R Kuddus, J Oakes, C Sharp, J Scott, K Slater, J Kirsi, O Kopp, W Burt
complementary and alternative medicine cam, ginkgo biloba, ginkgo tea, microbial contamination
R Kuddus, J Oakes, C Sharp, J Scott, K Slater, J Kirsi, O Kopp, W Burt. Isolation of medically important fungi from Ginkgo biloba leaves and crude Ginkgo supplements. The Internet Journal of Microbiology. 2008 Volume 7 Number 1.
We observed fungal growth in
Materials and methods
Tissue Staining for Detection and isolation of fungi
Affected leaves, tea flakes and healthy leaves (as control) were cleared of superficial microbes by boiling in 2.5% KOH. The treated leaves were stained with trypan blue and counter-stained with Sudan IV to detect intercellular fungi as described previously (Barrow and Aaltonen, 2004). The treated samples were examined using a Labomed CXR3 microscope at 400-1,000x magnification and photographed. At least 20 fields were examined for each leaf sample.
To isolate fungi, leaves or tea flakes were initially cleaned using sodium hypochlorite, distilled water and ethyl alcohol as described by Tuite (1969). Tissue explants were harvested aseptically under a dissection microscope and then placed on potato dextrose agar (PDA) plates. Fungi in brewed loose Ginkgo tea were examined as described previously (Halt, 1998; Wilson et al., 2004). Pre-packed tea bags were brewed in hot (rolling-boiled) distilled water in sterilized cups following standard brewing methods (Rombauer et al., 2006). Tea was steeped for 2-3 minutes and the brew was serially diluted with sterile water and 0.1 ml was plated in two PDA plates. Similarly treated sterile distilled or tap water was plated as the controls. The plates were incubated at room temperature for 4-10 days. All experiments were done at least twice. Fungal (and bacterial) colonies were counted as colony forming units (cfu)/gm of tea using the formula- (number of colonies multiplied by dilution factor multiplied by total volume of water used in brewing)/grams of tea used.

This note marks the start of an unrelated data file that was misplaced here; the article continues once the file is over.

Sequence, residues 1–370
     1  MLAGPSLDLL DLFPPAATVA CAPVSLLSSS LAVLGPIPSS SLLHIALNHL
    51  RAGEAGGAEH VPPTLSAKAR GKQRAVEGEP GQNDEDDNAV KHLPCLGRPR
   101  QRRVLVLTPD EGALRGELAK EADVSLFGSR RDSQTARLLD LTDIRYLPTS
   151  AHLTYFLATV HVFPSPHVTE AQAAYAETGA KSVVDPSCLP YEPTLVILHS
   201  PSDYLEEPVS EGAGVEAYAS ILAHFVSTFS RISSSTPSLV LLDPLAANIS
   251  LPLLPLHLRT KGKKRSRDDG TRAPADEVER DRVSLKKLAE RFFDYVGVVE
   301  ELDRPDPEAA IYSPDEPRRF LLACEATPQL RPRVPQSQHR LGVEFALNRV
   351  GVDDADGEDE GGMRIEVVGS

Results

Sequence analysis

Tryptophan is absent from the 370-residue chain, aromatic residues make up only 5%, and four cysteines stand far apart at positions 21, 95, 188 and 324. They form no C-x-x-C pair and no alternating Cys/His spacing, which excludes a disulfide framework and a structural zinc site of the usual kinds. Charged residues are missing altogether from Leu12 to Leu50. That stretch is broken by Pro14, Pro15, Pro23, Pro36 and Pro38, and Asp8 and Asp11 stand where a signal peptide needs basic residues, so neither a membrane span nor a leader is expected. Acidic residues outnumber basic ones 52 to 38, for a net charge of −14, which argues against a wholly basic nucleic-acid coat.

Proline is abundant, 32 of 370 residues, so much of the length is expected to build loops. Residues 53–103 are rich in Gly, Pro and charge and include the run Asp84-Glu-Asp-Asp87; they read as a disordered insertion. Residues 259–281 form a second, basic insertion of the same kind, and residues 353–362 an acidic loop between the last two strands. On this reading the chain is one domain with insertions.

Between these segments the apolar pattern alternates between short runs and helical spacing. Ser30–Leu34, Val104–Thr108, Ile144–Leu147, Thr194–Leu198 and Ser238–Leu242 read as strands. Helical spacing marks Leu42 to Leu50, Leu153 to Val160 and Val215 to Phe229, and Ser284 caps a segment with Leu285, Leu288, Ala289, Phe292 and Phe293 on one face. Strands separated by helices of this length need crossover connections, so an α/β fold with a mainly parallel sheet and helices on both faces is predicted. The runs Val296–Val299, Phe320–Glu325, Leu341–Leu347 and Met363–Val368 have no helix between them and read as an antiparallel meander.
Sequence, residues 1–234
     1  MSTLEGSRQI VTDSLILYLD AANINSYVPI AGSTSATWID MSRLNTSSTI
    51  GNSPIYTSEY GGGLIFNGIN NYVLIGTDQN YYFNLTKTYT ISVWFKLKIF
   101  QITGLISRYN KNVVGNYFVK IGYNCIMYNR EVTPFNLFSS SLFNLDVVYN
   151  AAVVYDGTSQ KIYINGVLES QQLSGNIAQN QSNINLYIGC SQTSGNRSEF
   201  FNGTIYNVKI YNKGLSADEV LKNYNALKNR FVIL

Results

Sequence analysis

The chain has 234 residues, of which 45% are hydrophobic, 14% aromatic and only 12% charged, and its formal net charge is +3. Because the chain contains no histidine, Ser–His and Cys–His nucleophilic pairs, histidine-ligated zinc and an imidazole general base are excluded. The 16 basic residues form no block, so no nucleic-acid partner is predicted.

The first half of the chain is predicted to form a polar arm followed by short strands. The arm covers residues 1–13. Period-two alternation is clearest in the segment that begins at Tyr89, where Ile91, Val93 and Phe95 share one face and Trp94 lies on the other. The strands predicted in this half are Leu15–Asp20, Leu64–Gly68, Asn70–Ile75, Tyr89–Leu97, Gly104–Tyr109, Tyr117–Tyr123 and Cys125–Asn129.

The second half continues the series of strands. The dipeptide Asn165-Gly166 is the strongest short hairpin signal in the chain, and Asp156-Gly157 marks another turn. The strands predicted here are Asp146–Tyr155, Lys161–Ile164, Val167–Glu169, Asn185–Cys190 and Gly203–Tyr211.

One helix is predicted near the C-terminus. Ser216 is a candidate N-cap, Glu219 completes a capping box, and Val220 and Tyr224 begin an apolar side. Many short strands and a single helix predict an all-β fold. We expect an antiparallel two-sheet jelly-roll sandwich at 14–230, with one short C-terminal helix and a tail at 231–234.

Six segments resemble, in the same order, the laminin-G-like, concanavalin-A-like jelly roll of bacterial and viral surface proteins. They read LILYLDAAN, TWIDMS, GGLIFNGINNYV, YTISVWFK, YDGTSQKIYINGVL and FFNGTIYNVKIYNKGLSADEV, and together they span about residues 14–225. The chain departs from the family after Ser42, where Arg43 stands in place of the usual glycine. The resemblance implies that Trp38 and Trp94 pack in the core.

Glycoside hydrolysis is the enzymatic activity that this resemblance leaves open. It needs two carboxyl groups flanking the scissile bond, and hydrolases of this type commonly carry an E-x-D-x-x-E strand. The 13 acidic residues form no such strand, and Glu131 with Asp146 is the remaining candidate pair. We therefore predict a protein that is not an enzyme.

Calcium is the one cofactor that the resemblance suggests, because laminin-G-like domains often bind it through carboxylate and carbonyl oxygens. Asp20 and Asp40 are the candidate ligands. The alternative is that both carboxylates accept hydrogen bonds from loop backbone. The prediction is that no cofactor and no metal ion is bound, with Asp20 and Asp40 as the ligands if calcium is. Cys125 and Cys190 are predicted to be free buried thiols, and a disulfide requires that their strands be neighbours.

Identification of Fungi
Fungal hyphae were transferred to new plates to establish pure culture and then identified to the level of genera using conventional methods (data not shown).
Several adult trees (about 20 meters in height) in Pittsburgh were found with drying leaves in June and July (midway of the growth season). The affected female trees had green seeds yet the plants were attempting to sprout new buds (Fig. 1A). Normally
We observed the presence of brown spots in many healthy adult green leaves of every
To test if microbes are present in the brewed Ginkgo tea, cold- and hot-brewed tea samples were plated in PDA plates. Fungi grew out from cold-brewed tea derived from one of the three flake tea samples and the fungal load was estimated to 8,000 fungal cfu/gm of tea. All water controls for cold brewing experiments were negative for fungal growth. The sporulating fungi were identified as
We observed that brown spots are common in adult healthy Ginkgo leaves particularly during the later half (August-September) of the growing season. Brown spots were also common in Ginkgo tea flakes sold in health food stores. We isolated several species of fungi from aseptically explanted tissues of such brown spots and cold-brewed Ginkgo tea derived from one of the three flake tea brands tested. Cold-brewed teas from two other samples were negative for fungal growth although staining showed presence of fungus in both of the tea flake samples. No fungi grew from hot-brewed tea. This data indicated that the colonizing fungi are not readily released by the standard brewing conditions.
We noticed that bacteria (and occasionally yeast) grew from both cold and hot-brewed tea derived from all three flake Ginkgo tea samples and two of the three bagged ginkgo tea samples with bacterial count ranging 100-1,100,000 bacterial cfu/gm of tea (data not shown). No bacterial growth was observed in cold or hot brewed tea derived from the powdered loose Ginkgo tea and one of the three brands of bagged ginkgo tea (data not shown). Wilson et al. (2004) reported the presence of bacteria at 10-1,600,000 cfu/100 ml of herbal tea brewed for 5 minutes at 90°C. Bacteria we isolated were mostly spore formers (
All of the fungal genera we isolated from live
This work was supported in part by UVU Presidential and Foundation grants to RHK. The authors are grateful to Drs. S. Rushforth, R. Van Buren, M. Bracken, and R. Robbins for helpful discussions and Dr. B. Bargeron for help with photography.